21/12/18 Filed in: Article
A letter in Science
, published today and co-authored by our own Ingrid Timboe, highlights an alarming statistic from the most recent Freshwater Living Planet Index (FLPI), published in the 2018 Living Planet Report
(LPR) showing an 83% decline in monitored freshwater species. Most significantly, the rate of decline of freshwater species has risen with each report. Despite warnings
from over a decade ago that the protection of freshwater biodiversity is “the ultimate conservation challenge” and “immediate action is needed,” conservation is evidently failing freshwater biodiversity and solutions must be found.
Additional research to form a better understanding of the species present in our freshwater ecosystems, and the ecological functions of these ecosystems is important. However, equally important as the need to do better science to fill the data gap is the need to do a better job at translating this science and data so that others can use them. It is essential that we engage policy makers and water managers at the local level in our research in order to better understand and represent the diverse needs of the communities living with freshwater biodiversity loss. Read More...
08/01/16 Filed in: Publications
The world's most biodiverse river basins—the Amazon, Congo, and Mekong—are experiencing an unprecedented boom in construction of hydropower dams. These projects address important energy needs, but advocates often overestimate economic benefits and underestimate far-reaching effects on biodiversity and critically important fisheries. Powerful new analytical tools and high-resolution environmental data can clarify trade-offs between engineering and environmental goals and can enable governments and funding institutions to compare alternative sites for dam building. Read More...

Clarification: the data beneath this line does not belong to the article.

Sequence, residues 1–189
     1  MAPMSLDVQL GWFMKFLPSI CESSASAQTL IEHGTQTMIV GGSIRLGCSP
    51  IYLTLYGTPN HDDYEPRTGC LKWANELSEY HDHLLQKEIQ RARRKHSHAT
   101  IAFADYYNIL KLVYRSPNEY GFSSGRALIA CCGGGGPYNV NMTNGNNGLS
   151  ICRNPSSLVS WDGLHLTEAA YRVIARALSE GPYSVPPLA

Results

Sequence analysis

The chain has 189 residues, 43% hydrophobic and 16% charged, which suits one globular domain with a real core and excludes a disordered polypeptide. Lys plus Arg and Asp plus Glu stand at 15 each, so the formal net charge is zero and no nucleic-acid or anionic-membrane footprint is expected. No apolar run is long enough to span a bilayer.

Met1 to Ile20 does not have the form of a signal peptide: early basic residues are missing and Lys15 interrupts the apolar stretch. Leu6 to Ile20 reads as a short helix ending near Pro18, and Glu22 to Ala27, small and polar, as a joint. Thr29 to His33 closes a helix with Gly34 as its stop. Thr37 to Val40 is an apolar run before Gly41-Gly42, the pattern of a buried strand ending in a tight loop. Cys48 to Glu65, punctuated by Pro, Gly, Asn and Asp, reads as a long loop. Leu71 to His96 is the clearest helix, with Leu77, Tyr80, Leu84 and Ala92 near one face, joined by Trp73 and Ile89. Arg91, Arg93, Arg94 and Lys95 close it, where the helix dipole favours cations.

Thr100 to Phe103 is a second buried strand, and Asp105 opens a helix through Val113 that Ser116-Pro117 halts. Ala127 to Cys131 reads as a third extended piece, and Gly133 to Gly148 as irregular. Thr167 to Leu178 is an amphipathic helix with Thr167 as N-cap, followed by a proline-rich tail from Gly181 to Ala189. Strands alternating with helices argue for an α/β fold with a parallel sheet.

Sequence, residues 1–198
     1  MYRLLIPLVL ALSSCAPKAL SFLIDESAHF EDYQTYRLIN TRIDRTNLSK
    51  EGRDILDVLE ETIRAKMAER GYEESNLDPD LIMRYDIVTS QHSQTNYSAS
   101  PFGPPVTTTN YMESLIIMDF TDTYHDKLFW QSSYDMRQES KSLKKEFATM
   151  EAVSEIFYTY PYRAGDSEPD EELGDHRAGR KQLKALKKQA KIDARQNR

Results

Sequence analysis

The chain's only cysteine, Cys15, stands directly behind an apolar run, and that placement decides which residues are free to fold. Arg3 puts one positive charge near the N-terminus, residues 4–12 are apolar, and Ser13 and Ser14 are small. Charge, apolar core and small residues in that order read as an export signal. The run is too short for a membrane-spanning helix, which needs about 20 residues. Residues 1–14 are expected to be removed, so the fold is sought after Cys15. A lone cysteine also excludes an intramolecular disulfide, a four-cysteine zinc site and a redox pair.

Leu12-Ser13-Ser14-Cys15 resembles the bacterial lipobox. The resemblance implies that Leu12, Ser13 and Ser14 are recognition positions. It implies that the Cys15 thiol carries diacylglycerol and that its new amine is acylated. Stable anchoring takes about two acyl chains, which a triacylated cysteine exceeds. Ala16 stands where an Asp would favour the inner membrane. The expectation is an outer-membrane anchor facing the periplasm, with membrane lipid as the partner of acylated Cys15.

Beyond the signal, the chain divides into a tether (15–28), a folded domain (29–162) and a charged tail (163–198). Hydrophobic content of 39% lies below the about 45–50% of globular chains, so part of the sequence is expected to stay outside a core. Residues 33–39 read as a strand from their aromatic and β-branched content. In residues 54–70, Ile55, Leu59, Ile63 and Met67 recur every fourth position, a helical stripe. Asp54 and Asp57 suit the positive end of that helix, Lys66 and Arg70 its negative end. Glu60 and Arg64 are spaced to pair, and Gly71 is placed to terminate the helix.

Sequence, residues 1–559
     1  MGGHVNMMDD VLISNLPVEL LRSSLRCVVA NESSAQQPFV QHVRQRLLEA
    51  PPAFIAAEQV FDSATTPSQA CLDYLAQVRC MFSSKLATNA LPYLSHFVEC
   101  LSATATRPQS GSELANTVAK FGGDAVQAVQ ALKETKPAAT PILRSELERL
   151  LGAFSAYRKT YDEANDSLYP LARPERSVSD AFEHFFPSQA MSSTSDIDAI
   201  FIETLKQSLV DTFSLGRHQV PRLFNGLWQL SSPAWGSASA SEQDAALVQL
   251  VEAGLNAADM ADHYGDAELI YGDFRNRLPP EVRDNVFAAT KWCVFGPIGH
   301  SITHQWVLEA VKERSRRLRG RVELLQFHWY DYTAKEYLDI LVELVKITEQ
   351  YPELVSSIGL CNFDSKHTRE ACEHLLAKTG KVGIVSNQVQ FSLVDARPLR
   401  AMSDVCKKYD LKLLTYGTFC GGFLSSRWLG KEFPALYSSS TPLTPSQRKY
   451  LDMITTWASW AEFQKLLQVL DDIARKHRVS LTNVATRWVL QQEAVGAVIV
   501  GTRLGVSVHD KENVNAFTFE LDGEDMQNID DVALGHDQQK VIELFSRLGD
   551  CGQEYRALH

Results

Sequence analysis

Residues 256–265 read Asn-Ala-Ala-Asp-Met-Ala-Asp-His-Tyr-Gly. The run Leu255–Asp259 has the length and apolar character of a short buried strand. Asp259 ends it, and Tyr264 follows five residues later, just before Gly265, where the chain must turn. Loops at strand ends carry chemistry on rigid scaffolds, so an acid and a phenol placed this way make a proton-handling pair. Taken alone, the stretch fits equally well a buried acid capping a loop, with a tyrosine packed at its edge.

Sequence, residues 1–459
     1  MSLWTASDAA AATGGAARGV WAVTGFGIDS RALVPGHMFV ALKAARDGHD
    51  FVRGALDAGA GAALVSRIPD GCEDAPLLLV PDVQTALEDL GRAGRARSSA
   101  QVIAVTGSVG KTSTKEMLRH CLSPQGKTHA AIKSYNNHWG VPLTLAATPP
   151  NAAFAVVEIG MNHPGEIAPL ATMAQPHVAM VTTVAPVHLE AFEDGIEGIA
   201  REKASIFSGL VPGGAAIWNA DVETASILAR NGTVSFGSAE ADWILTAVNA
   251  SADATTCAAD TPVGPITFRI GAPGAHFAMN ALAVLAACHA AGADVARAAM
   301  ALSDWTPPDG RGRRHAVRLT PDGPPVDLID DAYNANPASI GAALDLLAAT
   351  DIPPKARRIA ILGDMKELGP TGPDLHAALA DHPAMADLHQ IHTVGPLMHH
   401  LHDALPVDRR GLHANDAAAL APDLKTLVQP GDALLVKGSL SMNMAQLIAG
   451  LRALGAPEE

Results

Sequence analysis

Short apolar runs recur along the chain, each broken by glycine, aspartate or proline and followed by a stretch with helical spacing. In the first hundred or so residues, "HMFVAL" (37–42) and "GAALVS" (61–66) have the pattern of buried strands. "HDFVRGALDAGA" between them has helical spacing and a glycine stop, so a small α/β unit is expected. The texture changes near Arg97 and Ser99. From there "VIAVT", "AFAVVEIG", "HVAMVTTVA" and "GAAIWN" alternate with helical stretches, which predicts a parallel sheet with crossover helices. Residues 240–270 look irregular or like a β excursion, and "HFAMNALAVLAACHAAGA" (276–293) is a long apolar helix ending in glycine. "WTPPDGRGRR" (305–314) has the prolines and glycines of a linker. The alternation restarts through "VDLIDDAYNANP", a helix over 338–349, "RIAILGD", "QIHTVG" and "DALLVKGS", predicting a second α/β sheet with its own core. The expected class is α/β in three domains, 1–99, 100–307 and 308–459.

magazine is publishing a series of six Policy Forum essays on water to coincide with leading annual water conference, World Water Week
. The 3-part series of paired essays contrasts perspectives on water governance (local vs global), monitoring water (satellite vs on the ground), and green infrastructure (feasibility for emerging economies). An essay advocating for the wider deployment of green infrastructure was co-authored by John Matthews and others from AGWA. Dr. Margaret Palmer, head of the National Socio-Environmental Synthesis Center (SESYNC)
, served as lead author for the essay. You can see the article online via the Science website
or directly download it here
. The counterpoint to this essay on green infrastructure is also available to download here
. Read More...